For a long time, I was in sales, but I treated it like a job. It wasn’t until I decided to become a professional that things changed. I wish someone would have told me at a young age to commit to sales in order to stop being an amateur.
8. When I was first starting out, I was torn between hiring a sales person on commission or handling sales on my own. After talking to a few business coaches they said, “You are your best salesperson” and recommended that I not hire a sales person. I’m interested to hear your advice on that.
I believe I am the best salesperson, but I also believe I can train others to sell like I do. That’s why I created Cardone University. My sales room is filled with guys training on my material. You have to hire salespeople if you want to scale. Don’t stay small. It’s not either/or, but both/and.
9. As a new business owner, should you hire a sales person or can you drive sales without hiring a sales person?
You have to drive sales yourself whether you are new or established, but you need to hire and scale out as quickly as possible. My biggest regret was that I didn’t go bigger sooner.
10. When hiring sales professionals, what should you look for? What are three questions you should ask during every interview?
I don’t bother with resumes and don’t necessarily have three specific questions I ask every time. It’s all about: What can a person do for me now? Can they sell and are they ethical? During my reality TV series Whatever It Takes, I asked contestants to pitch me a glass of water. I can learn a lot about the skills of a salesperson simply by making them pitch me something on the spot.
11. I’ve heard a lot of different viewpoints about quarterly bonuses vs. commission. How do you think a small business should structure payment? And hiring?
At my company, we put people on 90-day trial periods, but in reality, everyone is always on trial. Just because you’ve been with me for a year doesn’t mean your job is safe—past performance doesn’t equal tomorrow’s security. All people should seek a commission job where they can control their income rather than a salaried job. If businesses do more commission, it gives their employees more motivation to work. How you structure bonuses and commissions are less important. The main thing is simply having them in place.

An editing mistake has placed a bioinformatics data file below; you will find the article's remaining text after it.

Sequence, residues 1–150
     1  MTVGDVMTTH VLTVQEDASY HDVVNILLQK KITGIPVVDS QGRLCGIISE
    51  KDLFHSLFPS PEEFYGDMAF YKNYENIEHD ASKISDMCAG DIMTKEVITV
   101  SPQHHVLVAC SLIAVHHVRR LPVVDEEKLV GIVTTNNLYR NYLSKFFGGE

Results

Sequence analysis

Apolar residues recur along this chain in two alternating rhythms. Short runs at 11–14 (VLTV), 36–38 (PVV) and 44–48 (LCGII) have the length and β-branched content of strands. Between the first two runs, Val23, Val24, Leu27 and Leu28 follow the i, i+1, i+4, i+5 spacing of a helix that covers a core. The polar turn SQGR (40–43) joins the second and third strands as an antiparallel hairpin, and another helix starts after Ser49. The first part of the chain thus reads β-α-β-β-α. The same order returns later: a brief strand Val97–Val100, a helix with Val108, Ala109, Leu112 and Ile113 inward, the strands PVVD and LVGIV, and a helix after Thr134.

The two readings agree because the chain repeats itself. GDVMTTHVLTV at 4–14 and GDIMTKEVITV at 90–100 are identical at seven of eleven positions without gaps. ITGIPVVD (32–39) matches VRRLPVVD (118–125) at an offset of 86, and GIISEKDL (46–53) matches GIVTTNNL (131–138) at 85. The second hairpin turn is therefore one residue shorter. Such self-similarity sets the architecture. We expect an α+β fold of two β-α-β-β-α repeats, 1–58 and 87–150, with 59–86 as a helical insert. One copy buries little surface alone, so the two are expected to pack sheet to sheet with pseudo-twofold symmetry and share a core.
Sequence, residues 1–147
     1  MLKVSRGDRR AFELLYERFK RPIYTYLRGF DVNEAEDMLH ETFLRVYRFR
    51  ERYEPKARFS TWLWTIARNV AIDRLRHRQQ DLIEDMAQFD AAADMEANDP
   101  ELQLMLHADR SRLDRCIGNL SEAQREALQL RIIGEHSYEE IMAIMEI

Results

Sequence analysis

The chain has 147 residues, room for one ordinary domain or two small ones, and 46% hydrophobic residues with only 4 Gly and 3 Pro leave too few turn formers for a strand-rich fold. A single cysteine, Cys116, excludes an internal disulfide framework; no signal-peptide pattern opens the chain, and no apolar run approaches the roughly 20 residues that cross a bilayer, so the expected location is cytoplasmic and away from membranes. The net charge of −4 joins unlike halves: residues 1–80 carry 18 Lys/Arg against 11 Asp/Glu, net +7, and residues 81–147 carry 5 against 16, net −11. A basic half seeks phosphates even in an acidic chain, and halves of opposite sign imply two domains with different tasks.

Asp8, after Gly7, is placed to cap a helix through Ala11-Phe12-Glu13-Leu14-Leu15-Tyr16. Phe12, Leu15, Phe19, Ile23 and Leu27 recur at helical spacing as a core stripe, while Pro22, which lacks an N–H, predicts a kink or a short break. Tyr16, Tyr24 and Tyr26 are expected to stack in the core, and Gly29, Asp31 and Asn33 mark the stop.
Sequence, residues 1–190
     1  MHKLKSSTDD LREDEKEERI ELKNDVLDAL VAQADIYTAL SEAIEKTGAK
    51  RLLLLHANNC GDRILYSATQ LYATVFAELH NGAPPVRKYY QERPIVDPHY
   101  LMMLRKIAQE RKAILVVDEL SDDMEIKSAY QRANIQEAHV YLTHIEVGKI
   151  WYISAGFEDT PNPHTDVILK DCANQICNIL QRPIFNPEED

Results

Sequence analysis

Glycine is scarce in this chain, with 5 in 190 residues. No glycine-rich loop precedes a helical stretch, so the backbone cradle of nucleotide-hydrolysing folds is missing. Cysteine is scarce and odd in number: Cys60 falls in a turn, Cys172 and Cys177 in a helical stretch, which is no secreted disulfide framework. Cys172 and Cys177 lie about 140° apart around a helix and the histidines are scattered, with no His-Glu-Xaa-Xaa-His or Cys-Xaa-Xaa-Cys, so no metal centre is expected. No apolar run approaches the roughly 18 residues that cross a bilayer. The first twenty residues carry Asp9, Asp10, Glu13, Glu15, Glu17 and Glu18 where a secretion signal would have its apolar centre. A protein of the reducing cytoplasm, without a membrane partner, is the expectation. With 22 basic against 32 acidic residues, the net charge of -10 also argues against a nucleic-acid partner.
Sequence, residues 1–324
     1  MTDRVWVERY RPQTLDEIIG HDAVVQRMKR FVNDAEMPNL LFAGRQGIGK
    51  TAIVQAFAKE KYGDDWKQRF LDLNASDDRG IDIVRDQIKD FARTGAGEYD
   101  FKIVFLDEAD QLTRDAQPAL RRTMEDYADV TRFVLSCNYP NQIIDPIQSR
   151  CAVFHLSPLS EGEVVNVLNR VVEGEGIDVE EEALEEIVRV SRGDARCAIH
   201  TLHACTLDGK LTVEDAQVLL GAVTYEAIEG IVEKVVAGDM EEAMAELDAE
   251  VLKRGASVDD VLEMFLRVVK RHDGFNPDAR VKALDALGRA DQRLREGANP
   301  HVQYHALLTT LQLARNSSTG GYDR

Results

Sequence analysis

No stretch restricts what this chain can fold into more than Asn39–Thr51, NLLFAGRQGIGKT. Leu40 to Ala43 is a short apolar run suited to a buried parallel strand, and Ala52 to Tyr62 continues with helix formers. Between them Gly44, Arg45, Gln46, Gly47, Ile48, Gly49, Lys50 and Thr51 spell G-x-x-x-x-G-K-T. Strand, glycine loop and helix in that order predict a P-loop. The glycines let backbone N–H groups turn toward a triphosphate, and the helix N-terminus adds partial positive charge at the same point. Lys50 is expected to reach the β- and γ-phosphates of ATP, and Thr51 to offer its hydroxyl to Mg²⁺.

12. Success stories can be a powerful selling tool. How can small business owners leverage current successes into new sales?
Always get testimonials. Get them on video and post them on social media. Always ask people for leads from people they know. It’s easy to do, but you have to be committed to it and simply ask people.
13. Any advice for tracking success or sales forecasting, productivity tools, etc?
You need good analytics. You have to know what’s working, and you have to track data. It doesn’t matter much how you do it so long as you do it. My sales department tracks progress such as the number of daily calls, talk time, and deals. Anything important is worth measuring. If you aren’t measuring goals, you aren’t hitting them.
GCOpinions expressed here by Contributors are their own.